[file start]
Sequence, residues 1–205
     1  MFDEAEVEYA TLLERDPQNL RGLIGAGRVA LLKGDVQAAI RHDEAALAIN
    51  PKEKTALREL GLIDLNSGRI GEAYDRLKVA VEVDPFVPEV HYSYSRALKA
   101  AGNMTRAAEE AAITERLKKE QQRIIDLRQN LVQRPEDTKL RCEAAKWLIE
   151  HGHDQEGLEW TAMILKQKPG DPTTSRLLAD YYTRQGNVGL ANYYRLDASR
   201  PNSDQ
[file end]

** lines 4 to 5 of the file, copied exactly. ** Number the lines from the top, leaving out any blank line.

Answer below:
   101  AGNMTRAAEE AAITERLKKE QQRIIDLRQN LVQRPEDTKL RCEAAKWLIE
   151  HGHDQEGLEW TAMILKQKPG DPTTSRLLAD YYTRQGNVGL ANYYRLDASR